Then it was just a matter of building a web app to display the portraits. I used Django for the backend work of managing the metadata and delivering the content, while the interface was built using a combination or Isotope, Infinite Scroll and FancyBox.

It’s important to note that the portraits provide a way of exploring the records themselves. If you click on a face you see a copy of the document from which the photo was extracted. A link is provided to examine the full context of the image in RecordSearch. This is not just an exhibition, it’s a finding aid.

What next? There are many more of these documents to be harvested and processed (and many more still yet to be digitised). I will be adding more series as I can (though I might have to wait until I can afford a new computer!). I’d also like to explore the possibilities of facial or object detection a bit more. Could I train my own classifier? Could I detect handprints, or even classify the type of form?

In the meantime, I think our experimental browser helps us to understand why the Invisible Australians project is so important — you look at their faces and you simply want to know more. Who are they? What were their lives like?

UPDATE: For more on the photos and the issues they raise, see Kate Bagnall’s posts over at the Tiger’s Mouth.

This work is licensed under a Creative Commons Attribution 4.0 International License.

Tim Sherratt Written by:

I'm a historian and hacker who researches the possibilities and politics of digital cultural collections.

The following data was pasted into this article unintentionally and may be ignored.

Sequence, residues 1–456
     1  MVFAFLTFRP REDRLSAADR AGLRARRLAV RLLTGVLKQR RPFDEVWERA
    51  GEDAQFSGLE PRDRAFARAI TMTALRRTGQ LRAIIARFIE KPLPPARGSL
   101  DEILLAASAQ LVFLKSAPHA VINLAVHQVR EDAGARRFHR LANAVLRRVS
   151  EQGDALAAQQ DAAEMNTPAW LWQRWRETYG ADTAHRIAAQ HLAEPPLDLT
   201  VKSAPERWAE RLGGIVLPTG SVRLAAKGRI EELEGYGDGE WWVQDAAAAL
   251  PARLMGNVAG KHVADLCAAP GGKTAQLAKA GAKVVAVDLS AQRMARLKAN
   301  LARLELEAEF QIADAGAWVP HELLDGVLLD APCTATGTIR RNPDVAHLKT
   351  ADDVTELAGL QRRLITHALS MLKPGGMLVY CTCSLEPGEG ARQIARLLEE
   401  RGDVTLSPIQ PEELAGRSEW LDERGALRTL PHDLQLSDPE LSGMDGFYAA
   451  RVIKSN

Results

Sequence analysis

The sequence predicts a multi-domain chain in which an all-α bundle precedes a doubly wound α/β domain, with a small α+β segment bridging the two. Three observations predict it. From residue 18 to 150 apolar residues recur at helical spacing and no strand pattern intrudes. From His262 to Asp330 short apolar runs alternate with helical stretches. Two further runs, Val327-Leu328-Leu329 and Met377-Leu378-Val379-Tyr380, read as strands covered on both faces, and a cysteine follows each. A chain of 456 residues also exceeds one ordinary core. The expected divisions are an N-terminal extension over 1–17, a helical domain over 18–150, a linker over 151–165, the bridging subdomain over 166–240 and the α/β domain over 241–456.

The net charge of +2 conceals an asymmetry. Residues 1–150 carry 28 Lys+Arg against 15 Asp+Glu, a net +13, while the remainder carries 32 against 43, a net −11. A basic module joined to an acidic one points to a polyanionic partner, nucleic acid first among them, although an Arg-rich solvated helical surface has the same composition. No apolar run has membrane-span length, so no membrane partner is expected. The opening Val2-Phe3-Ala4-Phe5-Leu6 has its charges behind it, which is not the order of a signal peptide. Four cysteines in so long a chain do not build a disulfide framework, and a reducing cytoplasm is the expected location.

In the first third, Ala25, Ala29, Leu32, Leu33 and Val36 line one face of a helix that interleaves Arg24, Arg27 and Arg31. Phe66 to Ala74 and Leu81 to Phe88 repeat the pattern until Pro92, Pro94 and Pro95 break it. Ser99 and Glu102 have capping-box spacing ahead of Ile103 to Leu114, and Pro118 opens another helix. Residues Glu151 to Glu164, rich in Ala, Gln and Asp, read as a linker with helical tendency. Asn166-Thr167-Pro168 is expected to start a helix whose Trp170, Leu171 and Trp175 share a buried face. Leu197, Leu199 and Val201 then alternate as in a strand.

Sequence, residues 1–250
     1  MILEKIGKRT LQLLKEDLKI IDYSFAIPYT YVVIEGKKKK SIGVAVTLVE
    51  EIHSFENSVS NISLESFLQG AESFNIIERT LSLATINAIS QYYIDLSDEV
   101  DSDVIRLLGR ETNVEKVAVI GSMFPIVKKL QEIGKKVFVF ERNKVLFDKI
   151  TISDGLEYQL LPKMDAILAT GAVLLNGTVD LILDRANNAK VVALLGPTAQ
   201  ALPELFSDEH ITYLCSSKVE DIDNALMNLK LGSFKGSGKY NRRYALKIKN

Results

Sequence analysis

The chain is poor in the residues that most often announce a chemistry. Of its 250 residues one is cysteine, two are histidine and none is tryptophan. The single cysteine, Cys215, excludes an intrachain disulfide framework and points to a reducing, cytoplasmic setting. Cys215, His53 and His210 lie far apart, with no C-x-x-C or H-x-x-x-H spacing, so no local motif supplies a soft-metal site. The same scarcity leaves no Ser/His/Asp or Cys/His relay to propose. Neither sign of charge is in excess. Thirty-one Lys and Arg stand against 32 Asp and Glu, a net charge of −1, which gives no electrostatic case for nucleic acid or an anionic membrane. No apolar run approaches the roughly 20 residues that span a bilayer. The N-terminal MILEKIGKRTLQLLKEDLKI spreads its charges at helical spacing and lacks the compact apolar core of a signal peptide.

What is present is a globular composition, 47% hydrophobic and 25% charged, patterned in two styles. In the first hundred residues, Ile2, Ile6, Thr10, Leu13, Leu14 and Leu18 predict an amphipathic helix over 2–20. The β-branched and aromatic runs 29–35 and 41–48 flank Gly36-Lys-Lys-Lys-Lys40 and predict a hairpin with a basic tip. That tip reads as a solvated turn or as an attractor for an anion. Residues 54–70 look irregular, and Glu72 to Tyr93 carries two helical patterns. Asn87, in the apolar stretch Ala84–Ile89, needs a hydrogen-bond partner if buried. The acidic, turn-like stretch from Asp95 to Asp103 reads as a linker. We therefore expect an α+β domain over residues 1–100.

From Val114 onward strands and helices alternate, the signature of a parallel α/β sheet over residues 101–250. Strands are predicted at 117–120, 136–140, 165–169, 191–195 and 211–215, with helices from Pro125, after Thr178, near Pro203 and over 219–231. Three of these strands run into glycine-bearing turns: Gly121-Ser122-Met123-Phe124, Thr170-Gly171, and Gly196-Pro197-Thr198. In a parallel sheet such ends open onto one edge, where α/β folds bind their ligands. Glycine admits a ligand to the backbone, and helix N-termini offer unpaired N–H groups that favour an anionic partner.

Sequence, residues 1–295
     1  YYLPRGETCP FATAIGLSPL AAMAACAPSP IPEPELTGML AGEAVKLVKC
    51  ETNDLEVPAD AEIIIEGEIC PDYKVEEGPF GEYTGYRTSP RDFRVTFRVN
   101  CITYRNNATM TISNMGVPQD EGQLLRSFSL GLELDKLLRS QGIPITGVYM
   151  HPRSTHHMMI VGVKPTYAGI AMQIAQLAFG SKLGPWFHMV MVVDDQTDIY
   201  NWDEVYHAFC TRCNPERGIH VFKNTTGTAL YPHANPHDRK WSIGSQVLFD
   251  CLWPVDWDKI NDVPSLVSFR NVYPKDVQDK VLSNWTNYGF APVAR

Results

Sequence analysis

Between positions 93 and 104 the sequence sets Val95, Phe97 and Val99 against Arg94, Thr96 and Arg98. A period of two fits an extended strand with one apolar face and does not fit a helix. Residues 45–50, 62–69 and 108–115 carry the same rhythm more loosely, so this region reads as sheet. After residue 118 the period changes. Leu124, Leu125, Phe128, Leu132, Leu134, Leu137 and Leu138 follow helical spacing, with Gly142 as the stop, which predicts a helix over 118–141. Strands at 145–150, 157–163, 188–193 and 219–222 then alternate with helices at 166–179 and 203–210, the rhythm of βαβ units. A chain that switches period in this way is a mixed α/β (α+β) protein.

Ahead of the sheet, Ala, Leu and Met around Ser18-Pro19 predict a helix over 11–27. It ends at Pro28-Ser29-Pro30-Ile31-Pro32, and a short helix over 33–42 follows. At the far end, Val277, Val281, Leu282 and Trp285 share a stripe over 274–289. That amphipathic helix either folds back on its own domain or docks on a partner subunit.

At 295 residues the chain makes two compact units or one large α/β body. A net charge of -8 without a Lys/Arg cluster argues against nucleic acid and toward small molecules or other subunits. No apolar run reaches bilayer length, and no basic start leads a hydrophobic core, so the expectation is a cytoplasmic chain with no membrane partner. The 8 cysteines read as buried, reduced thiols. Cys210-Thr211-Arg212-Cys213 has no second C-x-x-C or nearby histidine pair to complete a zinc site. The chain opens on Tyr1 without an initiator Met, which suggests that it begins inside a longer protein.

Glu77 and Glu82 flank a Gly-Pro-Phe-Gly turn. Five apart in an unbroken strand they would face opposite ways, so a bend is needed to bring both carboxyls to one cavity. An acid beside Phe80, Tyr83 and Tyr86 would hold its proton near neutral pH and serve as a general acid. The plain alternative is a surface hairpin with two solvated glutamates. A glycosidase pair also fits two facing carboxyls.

1. September 22, 2011

    I like the idea of making visible those who white Australia tried to diminish – the presence of people who were not of European ancestry. You say in this post: “This is not just an exhibition, it’s a finding aid.” I have limited imagination and can’t see how it can be used other than by randomly clicking on faces and seeing the underlying document.

  2. September 22, 2011

    But why does your clicking have to be random? Kate, for example, has already been using it to find women, children and people of mixed heritage as part of her research into Chinese-Australian families. There’s no way to do that sort of browsing within the normal RecordSearch interface.

    Even if you don’t have a specific research question in mind, you might just see someone who looks interesting and you want to know more. Clicking on the image shows you the document, which has more information about the person. Clicking on the citation below the document will take you to the file containing the document in RecordSearch. There might be related documents in that file. Having found the person’s name on the original document you could then search RecordSearch for any additional references.

    The aim of Invisible Australians is, of course, to extract the data from documents such as these to build a rich contextual web around these people, but in the meantime I think even something simple like this provides a totally new means of seeing, understanding and exploring the records.

  3. Noela Bajjali
    September 22, 2011

    I really like this idea Tim.
    Extracting the images from items within the series throws light on the rich content of the records.
    I noted that when I link to the item details the items are described as a group with limited detail about each document that the image has been drawn from.